Sterling rallies despite standstill on rates

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The Independent Online

The pound mounted a recovery yesterday as the markets bet that the Bank of England's decision to keep rates on hold had only postponed further tightening of monetary policy.

The pound mounted a recovery yesterday as the markets bet that the Bank of England's decision to keep rates on hold had only postponed further tightening of monetary policy.

The decision to leave interest rates at 6 per cent for the sixth month in a row was in line with market expectations. But some analysts said, that with little sign of a slowdown in the domestic economy, rates will have to rise soon to keep inflationary pressures under control.

Sterling's trade weighted index rose sharply, closing at 107.9 compared with 106.9 on Wednesday. It gained a halfpenny to 60.46p against the euro, and slammed the brakes on its fall against the dollar. It closed in London up 0.2 cents at $1.4962. The pound was also boosted by an across-the-board fall in the value in the euro, following the decision by the European Central Bank to leave rates on hold at 4.25 per cent.

Philip Shaw, UK economist at Investec, said there had been enough evidence to justify a rise: "There have to be clear signs of a deceleration in activity if a tightening is to be avoided."

Further evidence of the strength of the domestic economy came from a report yesterday showing the services sector continued to boom in July. Growth of new business, overall activity and employment accelerated last month, the Chartered Institute of Purchasing and Supply said. But it also showed inflationary pressures were still under control, with prices charged by services firms rising more slowly than input costs.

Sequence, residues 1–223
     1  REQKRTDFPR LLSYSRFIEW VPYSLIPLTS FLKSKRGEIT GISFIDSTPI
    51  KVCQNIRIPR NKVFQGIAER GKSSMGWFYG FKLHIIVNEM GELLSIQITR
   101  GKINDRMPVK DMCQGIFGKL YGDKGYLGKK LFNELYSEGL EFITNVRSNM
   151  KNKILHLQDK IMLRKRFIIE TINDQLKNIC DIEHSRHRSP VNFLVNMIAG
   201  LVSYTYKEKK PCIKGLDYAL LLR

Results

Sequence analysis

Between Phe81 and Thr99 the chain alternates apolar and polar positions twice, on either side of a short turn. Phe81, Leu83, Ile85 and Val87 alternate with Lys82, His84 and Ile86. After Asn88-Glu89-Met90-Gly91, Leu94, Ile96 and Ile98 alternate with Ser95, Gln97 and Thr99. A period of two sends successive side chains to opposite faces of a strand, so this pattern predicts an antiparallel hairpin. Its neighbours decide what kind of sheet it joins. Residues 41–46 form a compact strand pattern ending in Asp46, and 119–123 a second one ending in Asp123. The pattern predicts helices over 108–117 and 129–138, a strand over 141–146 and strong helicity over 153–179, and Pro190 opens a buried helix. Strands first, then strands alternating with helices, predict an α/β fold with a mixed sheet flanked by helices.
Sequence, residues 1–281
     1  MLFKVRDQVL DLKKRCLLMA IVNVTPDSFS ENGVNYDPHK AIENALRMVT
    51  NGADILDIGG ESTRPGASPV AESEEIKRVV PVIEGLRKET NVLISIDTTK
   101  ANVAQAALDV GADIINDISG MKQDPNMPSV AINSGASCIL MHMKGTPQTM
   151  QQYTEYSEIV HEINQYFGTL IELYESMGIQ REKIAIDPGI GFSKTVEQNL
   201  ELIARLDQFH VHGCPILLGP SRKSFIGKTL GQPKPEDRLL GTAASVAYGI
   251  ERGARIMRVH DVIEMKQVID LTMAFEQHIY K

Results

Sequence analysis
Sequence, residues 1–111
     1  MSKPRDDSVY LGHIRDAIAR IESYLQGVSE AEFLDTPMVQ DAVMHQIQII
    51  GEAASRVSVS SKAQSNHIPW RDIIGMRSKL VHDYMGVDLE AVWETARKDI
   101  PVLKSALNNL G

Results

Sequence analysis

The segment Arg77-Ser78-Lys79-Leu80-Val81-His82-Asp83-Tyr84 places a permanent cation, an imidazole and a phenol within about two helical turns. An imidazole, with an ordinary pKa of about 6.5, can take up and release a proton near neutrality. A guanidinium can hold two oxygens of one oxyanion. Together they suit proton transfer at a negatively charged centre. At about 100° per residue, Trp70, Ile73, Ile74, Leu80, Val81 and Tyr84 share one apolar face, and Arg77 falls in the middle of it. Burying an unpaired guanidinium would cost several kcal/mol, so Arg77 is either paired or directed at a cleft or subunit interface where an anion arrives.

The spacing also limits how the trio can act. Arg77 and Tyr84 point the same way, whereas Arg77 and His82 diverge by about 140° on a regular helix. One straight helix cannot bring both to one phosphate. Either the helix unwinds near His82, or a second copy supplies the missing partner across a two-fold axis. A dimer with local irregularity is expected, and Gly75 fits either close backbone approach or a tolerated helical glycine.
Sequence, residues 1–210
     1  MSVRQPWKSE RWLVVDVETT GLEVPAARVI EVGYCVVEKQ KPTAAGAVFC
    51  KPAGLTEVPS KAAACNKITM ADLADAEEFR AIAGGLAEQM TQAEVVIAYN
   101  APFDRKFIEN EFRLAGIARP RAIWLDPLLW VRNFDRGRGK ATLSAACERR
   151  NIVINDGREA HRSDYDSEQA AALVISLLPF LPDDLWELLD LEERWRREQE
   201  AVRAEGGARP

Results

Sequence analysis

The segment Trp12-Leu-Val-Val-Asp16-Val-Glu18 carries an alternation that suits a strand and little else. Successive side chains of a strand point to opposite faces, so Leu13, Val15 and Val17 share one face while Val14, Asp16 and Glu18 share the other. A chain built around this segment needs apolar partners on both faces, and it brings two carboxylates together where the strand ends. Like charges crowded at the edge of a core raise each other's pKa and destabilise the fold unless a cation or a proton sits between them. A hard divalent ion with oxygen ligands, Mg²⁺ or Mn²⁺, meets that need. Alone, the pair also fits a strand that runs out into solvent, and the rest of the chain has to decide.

But Michael Derks, London-based economist with Commonwealth Bank of Australia, said he believed rates would stay on hold for the rest of the year. "The decision should be applauded as the case for a rate hike was not a strong enough one."

This view was echoed by business groups and trade unions, who said a rate hike would ended the fragile recovery in the manufacturing sector.

Economists must wait for the Bank's quarterly Inflation Report and the minutes of yesterday's rate meeting, published the following week, for firm clues on the path for rates.

They will look for the Bank's view on the likely impact of the Government's plan for a £43bn three-year increase in public spending. The minutes from the July meeting showed some of the nine-strong Monetary Policy Committe are worried rates will have to rise unless the private sector slows down. A powerful committee of MPs yesterday entered the debate, saying that the spending increases were "affordable".

"The overall spending totals have not changed since the Budget and we note that the MPC did not raise rates following the Budget," it said.

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